Reforming Welfare--Take Two
Framing the Coming Debate
As Congress revisits the welfare debate in 2002, three principles underlie a meaningful agenda for reform: Income support, education and training should be more widely available to low-income families; families and the government should both be responsible; and the well-being of families matters most.
The old system divided the welfare poor from the working poor, splitting the constituency for such programs. With the rolls now so small, the safety net of cash assistance has even fewer defenders. Emphasizing TANF's relevance to a broader segment of the working poor makes sense not only as policy but as political strategy. The recession accentuates the point. TANF is an integral part of the panoply of protections for the unemployed, distinguishable only in technical details from the rest of the anti-recession toolbox (unemployment insurance, food stamps, energy and housing assistance, and so on). One crisis, one people, one safety net. The politics and the policy can go hand in hand.
Moreover, advocates will command moral authority by exposing how the current system consigns even rule-abiding TANF recipients to continuing poverty. Not applying time limits to families who "play by the rules" is a matter of fairness. So is making sure that two-parent families qualify for benefits, and assuring that child-support payments actually go to the children they are supposed to support instead of being kept by the state to offset past welfare payments. It is both better policy and better politics to offer TANF benefits to low-income workers--including cash supplements as well as education and training--regardless of whether a family received TANF before a member got a job.
Political force also inheres in the idea that families and the government should both be responsible. When people take responsibility for themselves but need support to achieve an income they can live on, they should get it. When the economy falters either nationally or locally, and when people with limited work experience and capacity cannot find work, time limits should be suspended and public jobs programs should offer work, training and placement assistance. Sufficient assistance should be guaranteed as the economy sours and joblessness continues to rise.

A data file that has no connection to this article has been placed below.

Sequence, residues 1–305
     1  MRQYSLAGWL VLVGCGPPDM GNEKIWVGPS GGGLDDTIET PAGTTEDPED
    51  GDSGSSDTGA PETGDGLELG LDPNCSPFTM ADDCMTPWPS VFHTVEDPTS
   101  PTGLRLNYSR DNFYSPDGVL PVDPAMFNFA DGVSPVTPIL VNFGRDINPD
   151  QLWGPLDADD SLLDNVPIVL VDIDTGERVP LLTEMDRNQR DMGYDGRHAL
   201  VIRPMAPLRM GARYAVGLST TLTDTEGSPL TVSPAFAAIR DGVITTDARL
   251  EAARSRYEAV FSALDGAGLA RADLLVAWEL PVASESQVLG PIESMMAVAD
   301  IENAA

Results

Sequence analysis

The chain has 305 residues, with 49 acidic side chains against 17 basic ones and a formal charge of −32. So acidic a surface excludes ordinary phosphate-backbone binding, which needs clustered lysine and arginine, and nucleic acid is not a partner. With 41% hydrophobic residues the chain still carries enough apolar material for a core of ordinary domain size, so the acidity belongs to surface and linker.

Family well-being is another idea that represents both policy truth and political saliency. Especially to protect children, an adequate cash safety net needs to be in place at all times. Requiring states to measure and report on the sufficiency of their cash grant levels against a fair standard is a minimum step to be taken. Requiring states and localities to follow their own rules is another. The federal government should penalize states that create a lawless culture in the welfare office, that inappropriately divert or arbitrarily sanction families, or that fail to screen and serve families in crisis, including domestic violence survivors. The meanest states need to be reined in--by, for example, requiring face-to-face interviews before anyone is cut off. Accommodating parents with sick, disabled or very young children, or infirm relatives, by reducing work requirements and suspending time limits would also promote family well-being, as would requiring employers to expand family-friendly policies and offering states incentives to establish paid family leave. At the end of the day, state performance should be measured against outcomes that matter, including the reduction of family and child poverty. States should be required to collect and publicly report data on their performance, broken down by race and ethnicity to insure that services are provided equitably.
A new vision for welfare will require many changes in perspective. Policy-makers and political elites will have to acknowledge that TANF needs to accommodate the realities facing low-income families today. States and welfare administrators will have to change the orientation of the system from "beat them down" and "get them off" to "lift them up." Federal and state resources must be sufficient to meet the scale of the need.
Low-income people and their allies will have to articulate a bold new vision for poverty reduction and create the public will to realize it. This is a daunting task. Good antipoverty policy has never been a hallmark of the American social fabric.
But elements auguring positive movement are in play. People are in motion at the grassroots level. The public seems more receptive. The convergence of recession, time limits and brewing state fiscal crises creates an opening for change. In this context, a new vision for welfare may gain broader support than one might initially suppose. Certainly the price of inaction--for low-income people and for our society--is far too high.